A report by a popular U.S. magazine that questions the security of Pakistan's nuclear arsenal amid rising insecurity has prompted angry reactions in Islamabad.
"Defending the Arsenal," published this week on the "The New Yorker" magazine's website and to be published in the November 16 edition of the print version, reports that, although U.S. President Barack Obama and his administration have publically expressed confidence that Islamabad's nukes are safe, current and former U.S. officials have said his administration has "been negotiating highly sensitive understandings with the Pakistani military" on the issue.
The article says the talks involve allowing "specially trained American units to provide added security for the Pakistani arsenal in case of a crisis," and also address the provision of funds to the Pakistani military to be used for equipment, training, and infrastructure development.
Pakistani officials were quick to belittle the article, written by well-known American journalist Seymour Hersh.
"Our security apparatus has the capacity and is fully geared to meet all conceivable challenges," General Tariq Majid, the chairman of the Pakistani military's Joint Chiefs of Staff, said in a statement on November 9.
He rejected the "The New Yorker" report as "absurd and plain mischievous." A statement by the Pakistani Foreign Ministry called the article "utterly misleading and totally baseless." 'No Danger' From Militants
Independent experts say that while extremism indeed poses a grave threat to the security and stability of the Muslim state, Islamabad's nuclear arsenal is safe.
Abdul Hameed Nayyar, a prominent Pakistani physicist and peace activist, described Hersh's article to RFE/RL as "sensational."
He notes that he and other civil society leaders have regularly raised concerns similar to Hersh's with the Pakistani nuclear establishment, and have consistently been assured that Pakistan's nuclear arsenal is safe and cannot be infiltrated or overrun by extremists.
Such worries came to a head this spring, when the Taliban strengthened control over the northwestern Swat Valley, which lies a few hours' drive northwest of the capital, Islamabad.
A Hatf-VI ballistic missile is test-fired at an undisclosed location in Pakistan last year.
"At that time we were very worried and we didn't know how many of [the] nuclear-storage systems lied in the region where these militants had taken over the control. And we were not very sure and therefore, we questioned [the] Pakistani nuclear establishment, the nuclear command authority, if they were safe," Nayyar says.
"And they assured [us] that there was no danger to those things from those people."Growing Insecurity
Insecurity in Pakistan is on the rise again in the wake of a large-scale military operation against the Taliban in the western South Waziristan tribal region.
On November 10, a car bomb killed 34 people in a crowded market in Charsadda, a city 170 kilometers northwest of Islamabad. More than 300 civilians and soldiers have died in coordinated attacks against security installations and public places over the past few weeks.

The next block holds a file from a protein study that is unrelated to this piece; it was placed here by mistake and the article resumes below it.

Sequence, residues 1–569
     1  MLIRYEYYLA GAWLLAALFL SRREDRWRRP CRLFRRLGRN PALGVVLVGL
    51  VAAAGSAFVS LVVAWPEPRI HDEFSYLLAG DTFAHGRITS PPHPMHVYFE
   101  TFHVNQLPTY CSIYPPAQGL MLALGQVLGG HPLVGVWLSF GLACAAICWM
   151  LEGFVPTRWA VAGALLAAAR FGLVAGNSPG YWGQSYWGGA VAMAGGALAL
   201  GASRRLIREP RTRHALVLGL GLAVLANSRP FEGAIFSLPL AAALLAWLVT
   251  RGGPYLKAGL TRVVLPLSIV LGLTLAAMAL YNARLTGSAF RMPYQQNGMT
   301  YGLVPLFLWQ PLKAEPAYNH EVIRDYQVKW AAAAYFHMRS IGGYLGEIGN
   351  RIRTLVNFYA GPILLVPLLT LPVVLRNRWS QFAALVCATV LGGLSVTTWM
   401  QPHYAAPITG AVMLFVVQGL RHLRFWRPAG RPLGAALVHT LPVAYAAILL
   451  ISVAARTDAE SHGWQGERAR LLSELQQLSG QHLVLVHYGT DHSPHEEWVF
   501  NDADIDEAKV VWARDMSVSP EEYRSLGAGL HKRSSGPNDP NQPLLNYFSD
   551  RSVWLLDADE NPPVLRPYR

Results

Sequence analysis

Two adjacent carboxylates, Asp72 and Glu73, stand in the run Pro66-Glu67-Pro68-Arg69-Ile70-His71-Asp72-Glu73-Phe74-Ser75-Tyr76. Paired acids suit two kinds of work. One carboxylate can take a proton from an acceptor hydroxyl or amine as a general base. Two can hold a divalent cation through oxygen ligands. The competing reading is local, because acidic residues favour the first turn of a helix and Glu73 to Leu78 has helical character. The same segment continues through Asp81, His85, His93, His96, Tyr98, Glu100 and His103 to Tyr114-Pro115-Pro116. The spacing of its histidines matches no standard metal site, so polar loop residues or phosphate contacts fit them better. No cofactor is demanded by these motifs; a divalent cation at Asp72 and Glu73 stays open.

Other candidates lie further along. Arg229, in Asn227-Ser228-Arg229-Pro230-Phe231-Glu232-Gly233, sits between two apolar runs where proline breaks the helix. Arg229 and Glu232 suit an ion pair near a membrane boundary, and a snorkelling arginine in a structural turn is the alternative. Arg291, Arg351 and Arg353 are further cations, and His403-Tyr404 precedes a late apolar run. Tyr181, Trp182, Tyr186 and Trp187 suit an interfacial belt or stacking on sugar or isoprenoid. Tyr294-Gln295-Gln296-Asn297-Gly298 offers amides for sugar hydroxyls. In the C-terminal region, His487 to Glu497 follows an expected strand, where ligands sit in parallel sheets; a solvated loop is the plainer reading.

Nayyar suggests that aside from a hypothetical and "highly improbable" scenario under which the Taliban were to take over the Pakistani state, the country's nuclear weapons would be safe.
"The point is that as long as Islamic militancy and this kind of militancy -- which is very highly motivated and which is also bent upon taking over the state and bent upon sacrificing their lives -- exists, all of us should be worried," Nayyar says.
"All of us should be worried, but only to the extent that we only want assurances that these things are in safe hands."
Policemen remove an injured colleague from a police training center after an attack in Lahore last month.
Pervez Hoodbhoy, a Pakistani nuclear physicist, public intellectual, and nuclear-disarmament advocate, says that Hersh's article didn't present new facts regarding existing concerns over Islamabad's nuclear program.
"It is an open question as to how secure Pakistan's nuclear weapons are, and certainly until something happens one cannot say anything with any degree of certainty, especially since the whole nuclear program, the custodial authority and the entire protection mechanism that surrounds these weapons, is so hidden from public view," Hoodbhoy says.
"So nothing definitive can be said. On the other hand, there are obviously things that are worrying."
In his article, Hersh states that "the Taliban overrunning Islamabad is not the only, or even the greatest, concern. The principal fear is mutiny -- that extremists inside the Pakistani military might stage a coup, take control of some nuclear assets, or even divert a warhead."
Hoodbhoy, describing himself as "a very worried Pakistani," says the most immediate concern is the prospect of extremists infiltrating the military's ranks. He cites the various militant attacks on senior military officers, the army headquarters, intelligence and special forces offices, which have all been attacked during the past year.
Pakistani experts note that past military coups in Pakistan were orchestrated exclusively by senior generals, and that the rebellions by junior officers, known as "colonel coups," invariably failed. They also note that the military's current leadership is broadly secular and works closely with the civilian government in fighting the Taliban.
Experts also point to Pakistan's diversity and the popular revulsion against the Taliban's tactics as further undermining the group's ability to control the entire county in the near future.